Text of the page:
The Tradition is One

An integral part of the destructive ideology peddled by modernists is to deny the existence of the Tradition. Making out that there is no such thing as the Tradition, they claim that there are therefore only human customs, thus, very typically for them, reducing the Inheritance of the Holy Spirit to relativistic humanism. They are wrong – the Tradition exists and this is precisely the deposit of the Holy Spirit that the Apostle calls us to guard (1 Tim 6, 20).

There is only one Tradition, just as there is only one Church. True, there are local customs, but some of these are bad and come from spiritual decadence. These have come into the Church in recent times through Western influence and can be encountered especially in Greece, Cyprus and in parts of Romania and the Patriarchate of Antioch, which have been exposed for some generations to Western decadence. In their parishes in the USA and elsewhere, some of these groups actually use organs and people sit in pews during Church services! Of course, this is no part of the Tradition and is only justified as a custom because it is what heretics do. Here there are clear cases where the Tradition is being lost. However, modernists justify all this saying that ‘you can have organs or not have organs, you can have pews or not have pews – these are merely differences of custom’. This is a lie.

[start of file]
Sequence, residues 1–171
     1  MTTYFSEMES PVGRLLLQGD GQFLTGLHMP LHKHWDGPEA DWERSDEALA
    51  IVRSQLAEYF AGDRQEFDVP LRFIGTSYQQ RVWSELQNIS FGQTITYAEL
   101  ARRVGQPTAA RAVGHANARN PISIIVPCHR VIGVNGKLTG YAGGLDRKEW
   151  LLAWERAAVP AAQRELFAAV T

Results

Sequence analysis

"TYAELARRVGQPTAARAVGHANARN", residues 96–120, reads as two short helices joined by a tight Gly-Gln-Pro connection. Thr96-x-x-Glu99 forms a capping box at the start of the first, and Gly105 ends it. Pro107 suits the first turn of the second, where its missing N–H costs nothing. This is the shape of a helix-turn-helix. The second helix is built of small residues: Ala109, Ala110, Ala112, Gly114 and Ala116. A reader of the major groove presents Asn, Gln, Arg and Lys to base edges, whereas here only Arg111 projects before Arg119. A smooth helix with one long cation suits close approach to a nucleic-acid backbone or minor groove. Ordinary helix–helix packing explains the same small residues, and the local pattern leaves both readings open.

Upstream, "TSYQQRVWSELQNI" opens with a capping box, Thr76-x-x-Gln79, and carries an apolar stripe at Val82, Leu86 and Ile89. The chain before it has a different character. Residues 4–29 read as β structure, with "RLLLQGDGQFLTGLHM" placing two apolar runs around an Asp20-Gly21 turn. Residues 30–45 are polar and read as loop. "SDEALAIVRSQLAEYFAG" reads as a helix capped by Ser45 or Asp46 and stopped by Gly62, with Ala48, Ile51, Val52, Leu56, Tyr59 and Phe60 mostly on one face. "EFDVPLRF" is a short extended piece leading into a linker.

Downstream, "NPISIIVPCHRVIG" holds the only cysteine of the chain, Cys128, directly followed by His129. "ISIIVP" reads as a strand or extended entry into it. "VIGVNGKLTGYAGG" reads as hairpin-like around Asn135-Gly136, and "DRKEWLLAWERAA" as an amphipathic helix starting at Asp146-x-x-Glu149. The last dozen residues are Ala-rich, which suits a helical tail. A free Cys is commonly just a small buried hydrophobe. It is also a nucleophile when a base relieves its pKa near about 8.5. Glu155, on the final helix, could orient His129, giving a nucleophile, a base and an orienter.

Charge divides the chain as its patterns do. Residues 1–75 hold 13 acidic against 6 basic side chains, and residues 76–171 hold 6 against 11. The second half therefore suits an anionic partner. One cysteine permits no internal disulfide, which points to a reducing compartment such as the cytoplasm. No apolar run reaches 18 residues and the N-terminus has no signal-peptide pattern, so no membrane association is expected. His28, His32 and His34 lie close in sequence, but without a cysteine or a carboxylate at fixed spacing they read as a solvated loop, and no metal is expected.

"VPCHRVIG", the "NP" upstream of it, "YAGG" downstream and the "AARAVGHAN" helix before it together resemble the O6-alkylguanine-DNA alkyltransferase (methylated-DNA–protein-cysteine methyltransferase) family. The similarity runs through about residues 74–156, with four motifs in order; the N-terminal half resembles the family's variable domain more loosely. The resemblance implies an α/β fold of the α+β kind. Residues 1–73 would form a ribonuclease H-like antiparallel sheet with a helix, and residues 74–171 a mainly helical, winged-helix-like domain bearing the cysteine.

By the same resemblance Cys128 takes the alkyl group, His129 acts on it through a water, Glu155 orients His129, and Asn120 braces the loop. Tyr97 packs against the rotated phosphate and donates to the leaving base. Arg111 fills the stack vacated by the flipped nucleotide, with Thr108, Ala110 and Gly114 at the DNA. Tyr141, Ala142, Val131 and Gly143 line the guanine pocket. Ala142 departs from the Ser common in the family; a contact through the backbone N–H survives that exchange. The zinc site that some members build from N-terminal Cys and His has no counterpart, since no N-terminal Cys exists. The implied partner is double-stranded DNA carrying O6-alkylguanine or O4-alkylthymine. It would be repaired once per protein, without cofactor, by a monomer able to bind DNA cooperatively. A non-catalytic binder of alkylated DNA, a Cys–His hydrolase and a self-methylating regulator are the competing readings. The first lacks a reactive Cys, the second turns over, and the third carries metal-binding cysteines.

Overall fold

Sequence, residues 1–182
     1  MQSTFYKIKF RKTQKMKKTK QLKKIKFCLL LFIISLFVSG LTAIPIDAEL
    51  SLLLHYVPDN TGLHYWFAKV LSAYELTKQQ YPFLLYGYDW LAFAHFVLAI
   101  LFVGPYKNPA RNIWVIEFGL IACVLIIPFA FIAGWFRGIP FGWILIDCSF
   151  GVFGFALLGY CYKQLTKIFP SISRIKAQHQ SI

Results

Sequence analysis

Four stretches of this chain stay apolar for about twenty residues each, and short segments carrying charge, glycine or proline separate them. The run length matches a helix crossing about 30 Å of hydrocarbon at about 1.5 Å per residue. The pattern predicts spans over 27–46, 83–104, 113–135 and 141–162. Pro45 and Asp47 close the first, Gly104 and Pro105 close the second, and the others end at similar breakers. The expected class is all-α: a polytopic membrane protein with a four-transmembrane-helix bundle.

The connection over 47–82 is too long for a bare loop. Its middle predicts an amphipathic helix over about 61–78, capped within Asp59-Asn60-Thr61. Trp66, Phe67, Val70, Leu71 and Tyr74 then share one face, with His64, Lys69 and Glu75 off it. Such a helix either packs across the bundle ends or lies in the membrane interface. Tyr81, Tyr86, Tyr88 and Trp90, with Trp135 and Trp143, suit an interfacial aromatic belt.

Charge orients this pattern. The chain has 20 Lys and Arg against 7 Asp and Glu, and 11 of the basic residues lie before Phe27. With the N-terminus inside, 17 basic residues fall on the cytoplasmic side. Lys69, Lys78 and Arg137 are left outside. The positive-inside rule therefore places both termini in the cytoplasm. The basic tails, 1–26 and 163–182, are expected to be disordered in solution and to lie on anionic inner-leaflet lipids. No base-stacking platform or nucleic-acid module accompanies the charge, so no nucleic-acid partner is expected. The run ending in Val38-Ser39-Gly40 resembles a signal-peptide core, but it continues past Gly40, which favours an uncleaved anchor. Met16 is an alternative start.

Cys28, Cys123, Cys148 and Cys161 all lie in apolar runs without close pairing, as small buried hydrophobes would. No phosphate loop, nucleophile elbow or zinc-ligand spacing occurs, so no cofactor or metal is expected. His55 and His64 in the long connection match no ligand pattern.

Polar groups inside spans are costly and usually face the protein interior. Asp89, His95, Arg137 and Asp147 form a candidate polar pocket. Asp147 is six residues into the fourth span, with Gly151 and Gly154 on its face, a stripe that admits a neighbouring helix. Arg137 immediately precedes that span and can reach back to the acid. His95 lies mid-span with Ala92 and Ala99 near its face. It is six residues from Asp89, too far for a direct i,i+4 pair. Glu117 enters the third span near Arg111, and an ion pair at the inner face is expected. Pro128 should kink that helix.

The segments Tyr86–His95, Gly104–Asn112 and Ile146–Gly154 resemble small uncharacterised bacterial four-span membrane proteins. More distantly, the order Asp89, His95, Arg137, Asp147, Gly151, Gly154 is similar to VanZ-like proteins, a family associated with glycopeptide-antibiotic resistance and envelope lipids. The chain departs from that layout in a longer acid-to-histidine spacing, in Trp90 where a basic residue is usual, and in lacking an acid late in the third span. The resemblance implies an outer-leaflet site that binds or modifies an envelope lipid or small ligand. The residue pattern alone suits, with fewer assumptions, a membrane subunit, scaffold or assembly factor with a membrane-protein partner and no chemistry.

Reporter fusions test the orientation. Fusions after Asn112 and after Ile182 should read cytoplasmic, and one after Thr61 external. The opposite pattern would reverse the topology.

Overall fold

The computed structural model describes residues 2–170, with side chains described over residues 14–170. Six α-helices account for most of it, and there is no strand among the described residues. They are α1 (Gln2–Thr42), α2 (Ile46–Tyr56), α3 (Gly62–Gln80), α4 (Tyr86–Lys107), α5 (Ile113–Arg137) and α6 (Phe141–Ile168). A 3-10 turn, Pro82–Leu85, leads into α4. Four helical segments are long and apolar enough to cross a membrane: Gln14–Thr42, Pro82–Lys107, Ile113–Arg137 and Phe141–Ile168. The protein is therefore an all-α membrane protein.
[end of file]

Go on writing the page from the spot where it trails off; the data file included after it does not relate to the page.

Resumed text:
Such people are simply victims of modernist decadence and have lost the Tradition. Much more seriously, and this is now widespread among those who come from heterodox backgrounds, there is the custom of communion without confession and even persecution of those who do not take communion. This is like saying that communion is medicine which can be administered without a diagnosis. The fact is that if you take the wrong medicine because you do not have a diagnosis, you can die. Though the modernists hate the Scriptures because they are not politically correct, the Apostle Paul wrote about communion for damnation in the first century: ‘For this cause many are weak and sickly among you’ (I Cor 11, 30). Similarly, there is the modernist practice of forcing women to take communion during menstruation, which also goes against the Holy Spirit.

Another widespread modernist practice is to change the services, justifying arbitrary changes contrary to the Tradition. All of this goes hand in hand with the use of the papal calendar instead of the Orthodox calendar. Here too modernists assert that there are two calendars, therefore we can use either. In reality, there is only one Church calendar. The fact that we accept as Orthodox those who use the papal calendar for the fixed services is economy, a dispensation made for the sake of their salvation. Another abuse is celebrating without an iconostasis. This can happen initially in missionary circumstances, but after a few weeks any real Orthodox parish will have an iconostasis. Not to take a blessing on seeing a priest is another abuse – not part of the Tradition. Connected with this is the refusal of women not to cover their heads (I Cor 11, 13) and generally wear improper and immodest dress in church.

It is no good like Anglicans, who do not understand what the Church is, saying that in the Church there are only various human customs and so that we can ignore them or compromise them in amoral ‘pick and mix’ consumerism. In reality, there is right and wrong, good and bad, black and white, and there can be no compromise between right and wrong, just as there can be no concord between Christ and Belial (2 Cor 6, 15). The Tradition is One.